Before writing this yarn I probably knew the bare minimum about carbon offsetting my flights. On the passenger’s end, all you do is tick a donation box at the end of the online booking process. Then you get a message like this: “You will offset [x]kgs of carbon emissions from your trip with our certified and accredited carbon offset programs.” Sounds good, but I have no idea what it actually means. Or if making what is essentially an environmental donation will make a difference in the long run. So I did what what I do best: I pestered Qantas and a carbon solutions provider for the 411. Then I panicked about the planet.
FAST FACT: The global aviation industry generates around 2 per cent of all human-induced carbon dioxide (CO2) emissions, according to Air Transport Action Group. That’s not great, as CO2 traps heat to the Earth. We still need it, but too much makes the planet warmer. It’s why airlines like Air France have introduced projects and new regulations to combat the damage. As of this year, Air France is offsetting 100 per cent of CO2 emissions on all domestic flights across mainland France, which is over 450 flights and 57,000 customers per day, on average.
So what the heck is carbon offsetting?
At its very core, to carbon offset means to neutralise your emissions. For example, an average car can generate about four tonnes of carbon dioxide equivalents, like greenhouse gasses, in a year. So to offset that, you might purchase four tonnes of carbon offsets to neutralise the emissions you generated. You can do this by getting in touch with a carbon solutions provider like Carbon Neutral, based in Perth. Or, re: air travel, you can tick the box.
Where does your money go if you tick the box?
It depends on the airline, but your donation generally goes to carbon offset projects like reforestation, renewable energy, and habitat conservation. If you tick the box with Qantas, your money’s going to three major causes: The North Kimberley Fire Abatement Project, the April Salumei project, and conserving Tasmania’s wilderness. If you fly Virgin, your donation will go to greenhouse gas abatement projects in Australia, which are certified under the Australian Government’s National Carbon Offset Standard Carbon Neutral Program.
But if you prefer to choose where your money goes, you can try places like Carbon Neutral. The company currently works with over 400 businesses, ranging from small to big corporates, and local councils to manage their carbon footprint. Carbon Neutral’s huge on reforestation, particularly of abandoned farmlands that were cleared decades ago. Through its Plant-A-Tree program, Carbon Neutral says it has planted over 440,000 trees, restoring more than 300 hectares of cleared land.
“Trees through photosynthesis suck carbon dioxide out of the atmosphere,” Carbon Neutral CEO Ray Wilson says. “It’s a natural way of reducing emissions.”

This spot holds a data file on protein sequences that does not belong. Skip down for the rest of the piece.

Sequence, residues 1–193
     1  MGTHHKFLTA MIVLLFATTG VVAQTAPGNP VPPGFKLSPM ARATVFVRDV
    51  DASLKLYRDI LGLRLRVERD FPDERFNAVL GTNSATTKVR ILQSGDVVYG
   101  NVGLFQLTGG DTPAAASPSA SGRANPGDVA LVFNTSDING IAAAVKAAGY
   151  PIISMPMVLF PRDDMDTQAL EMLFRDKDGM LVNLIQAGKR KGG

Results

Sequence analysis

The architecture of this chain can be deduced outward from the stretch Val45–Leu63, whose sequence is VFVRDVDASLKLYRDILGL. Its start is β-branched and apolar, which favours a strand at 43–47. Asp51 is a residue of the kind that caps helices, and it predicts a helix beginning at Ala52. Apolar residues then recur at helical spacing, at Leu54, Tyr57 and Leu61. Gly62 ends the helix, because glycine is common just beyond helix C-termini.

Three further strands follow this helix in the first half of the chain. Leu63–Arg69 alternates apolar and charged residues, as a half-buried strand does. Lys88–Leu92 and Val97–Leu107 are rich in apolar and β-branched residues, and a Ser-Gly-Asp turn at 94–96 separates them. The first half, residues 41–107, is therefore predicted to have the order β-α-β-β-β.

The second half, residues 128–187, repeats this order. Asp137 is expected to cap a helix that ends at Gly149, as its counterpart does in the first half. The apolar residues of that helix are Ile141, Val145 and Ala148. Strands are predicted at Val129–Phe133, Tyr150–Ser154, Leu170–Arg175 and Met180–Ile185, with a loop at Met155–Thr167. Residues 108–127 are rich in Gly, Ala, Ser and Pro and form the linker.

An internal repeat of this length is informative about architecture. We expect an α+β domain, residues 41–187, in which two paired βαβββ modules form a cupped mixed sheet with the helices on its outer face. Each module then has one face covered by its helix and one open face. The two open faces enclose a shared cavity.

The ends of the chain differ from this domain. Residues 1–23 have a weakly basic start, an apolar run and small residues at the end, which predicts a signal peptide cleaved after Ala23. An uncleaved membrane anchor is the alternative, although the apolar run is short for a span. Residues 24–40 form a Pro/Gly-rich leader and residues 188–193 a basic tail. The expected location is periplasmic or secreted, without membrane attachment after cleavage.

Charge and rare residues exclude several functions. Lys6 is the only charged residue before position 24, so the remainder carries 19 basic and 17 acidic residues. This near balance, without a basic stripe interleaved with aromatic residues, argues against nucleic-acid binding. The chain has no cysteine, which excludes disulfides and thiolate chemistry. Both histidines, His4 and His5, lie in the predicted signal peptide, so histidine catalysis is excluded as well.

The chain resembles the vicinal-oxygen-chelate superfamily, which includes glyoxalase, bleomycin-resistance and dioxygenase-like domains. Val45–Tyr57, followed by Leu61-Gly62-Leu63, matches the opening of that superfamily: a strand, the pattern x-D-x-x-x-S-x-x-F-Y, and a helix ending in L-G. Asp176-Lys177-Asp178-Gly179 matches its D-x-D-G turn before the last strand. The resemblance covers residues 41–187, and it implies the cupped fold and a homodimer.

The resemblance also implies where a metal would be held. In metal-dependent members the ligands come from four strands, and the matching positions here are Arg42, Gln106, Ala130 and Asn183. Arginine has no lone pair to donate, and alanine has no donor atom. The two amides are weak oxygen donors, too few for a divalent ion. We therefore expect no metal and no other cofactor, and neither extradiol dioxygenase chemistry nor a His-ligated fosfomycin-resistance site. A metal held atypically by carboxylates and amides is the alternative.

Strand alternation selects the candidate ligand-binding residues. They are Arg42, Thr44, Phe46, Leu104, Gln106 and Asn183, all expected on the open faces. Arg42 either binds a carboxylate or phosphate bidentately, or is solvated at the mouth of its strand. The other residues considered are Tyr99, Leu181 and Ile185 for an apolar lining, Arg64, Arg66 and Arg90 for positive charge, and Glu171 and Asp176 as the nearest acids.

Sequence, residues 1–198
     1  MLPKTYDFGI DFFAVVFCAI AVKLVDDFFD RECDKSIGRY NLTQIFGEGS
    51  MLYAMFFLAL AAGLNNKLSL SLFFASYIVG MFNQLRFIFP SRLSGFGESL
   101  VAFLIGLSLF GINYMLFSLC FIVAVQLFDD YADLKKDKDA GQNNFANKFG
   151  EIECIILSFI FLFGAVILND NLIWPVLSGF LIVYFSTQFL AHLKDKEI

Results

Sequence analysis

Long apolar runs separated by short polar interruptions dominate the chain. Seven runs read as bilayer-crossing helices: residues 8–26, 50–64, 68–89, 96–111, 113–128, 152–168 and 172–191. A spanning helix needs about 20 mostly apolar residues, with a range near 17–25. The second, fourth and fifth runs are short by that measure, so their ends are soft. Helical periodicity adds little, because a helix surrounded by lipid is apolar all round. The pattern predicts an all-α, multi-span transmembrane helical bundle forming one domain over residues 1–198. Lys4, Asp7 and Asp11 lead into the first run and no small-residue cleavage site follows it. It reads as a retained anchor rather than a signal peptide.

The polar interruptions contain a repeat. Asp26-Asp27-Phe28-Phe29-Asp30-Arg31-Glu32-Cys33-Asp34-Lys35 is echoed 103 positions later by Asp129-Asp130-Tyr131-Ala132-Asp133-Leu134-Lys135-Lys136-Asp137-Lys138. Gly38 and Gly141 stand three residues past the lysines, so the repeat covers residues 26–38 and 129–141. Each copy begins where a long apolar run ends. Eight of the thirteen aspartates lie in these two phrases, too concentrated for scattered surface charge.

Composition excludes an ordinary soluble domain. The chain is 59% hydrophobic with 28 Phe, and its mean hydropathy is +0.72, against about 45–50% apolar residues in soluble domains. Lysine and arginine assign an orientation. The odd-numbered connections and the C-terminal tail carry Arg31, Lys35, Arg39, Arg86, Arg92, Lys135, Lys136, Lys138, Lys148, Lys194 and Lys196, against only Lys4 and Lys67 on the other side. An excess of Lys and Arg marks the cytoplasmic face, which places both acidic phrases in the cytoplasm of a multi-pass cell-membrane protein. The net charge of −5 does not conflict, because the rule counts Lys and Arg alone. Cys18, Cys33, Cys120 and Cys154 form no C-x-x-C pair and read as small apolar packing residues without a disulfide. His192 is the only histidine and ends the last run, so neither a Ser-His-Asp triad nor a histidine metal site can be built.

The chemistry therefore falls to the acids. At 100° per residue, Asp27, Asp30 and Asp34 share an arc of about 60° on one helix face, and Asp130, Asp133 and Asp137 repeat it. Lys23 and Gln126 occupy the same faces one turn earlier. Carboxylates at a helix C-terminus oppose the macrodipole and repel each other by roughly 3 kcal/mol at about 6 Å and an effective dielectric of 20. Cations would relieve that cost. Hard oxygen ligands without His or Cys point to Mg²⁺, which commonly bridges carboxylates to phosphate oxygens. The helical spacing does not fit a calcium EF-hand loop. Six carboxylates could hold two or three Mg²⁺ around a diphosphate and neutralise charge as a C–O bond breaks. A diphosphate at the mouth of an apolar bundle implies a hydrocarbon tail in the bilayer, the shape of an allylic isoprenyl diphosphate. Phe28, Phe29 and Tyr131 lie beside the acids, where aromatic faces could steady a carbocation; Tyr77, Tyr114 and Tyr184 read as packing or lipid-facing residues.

The trees Carbon Neutral plant are also frequently maintained (I double checked), and Wilson assures me their land is legally protected so no one can swoop in and clear it all. It’s actually protected by a 100-year Carbon Right and Carbon Covenant, which is tied to the land title. Translation: Even if the land is sold, the landowner and subsequent landowners aren’t allowed to damage or remove the trees for 100 years. So that’s cool.
But look, I wouldn’t blame you for being cynical because as much as trees help, the amount of carbon dioxide flights are spitting out still outweighs the good.
How many people offset their Qantas flights?
So may it be cynicism, climate change denial, sheer confusion, or even mistrust of airlines, not a lot of Qantas passengers offset their flights. The airline says around 10 per cent of customers booking flights online tick the box. But 10 per cent is still something. And it still shows that people care.
Is it worth paying carbon offsets?
I mean, it’s still better than doing nothing.
“If you were to fly London to Melbourne via economy, that’s about 5 tonnes of emissions,” Wilson says. “That’s more than you probably emit in your car for a whole year. And whilst air travel is only 2 per cent of global emissions at the moment, it’s one sector that’s rising the fastest.”
“The way we’re heading it could be 25 per cent of total emissions by 2050,” Wilson adds. But as alarming as this is, he still has hope that things can change.
“Maybe it’s the Greta Thunberg effect,” he said, telling me that her homeland of Sweden has seen a 4 per cent drop in air travel in the last year. Per the BBC, more than 40 million people travelled through Sweden’s top 10 airports in 2019, compared with 42 million in 2018. But depending on who you talk to, the decrease in flights might be more of a combination of climate activism and say, aviation tax.
But in Australia, Wilson has definitely seen a surge in businesses who are keen on reducing their carbon footprint.
“Our client numbers have grown by 62 per cent,” he revealed, “and that’s happened in the last year.”
“We used to get five enquiries a week, now we’re getting eight to – some days – 25 business enquiries from all over Australia. It’s hard to keep up!”
Wilson has also spoken to his competitors, and they’re observing the same trend.
“There’s a real movement in terms of companies wanting to measure their footprint and reduce part of it, or even all of it. Some just offset their flights, some are doing everything – electricity, gas, and vehicle transport.”
“It’s the younger generation that’s really driving the movement,” Wilson said. “They understand the issues, and they want action.”Image: Bridesmaids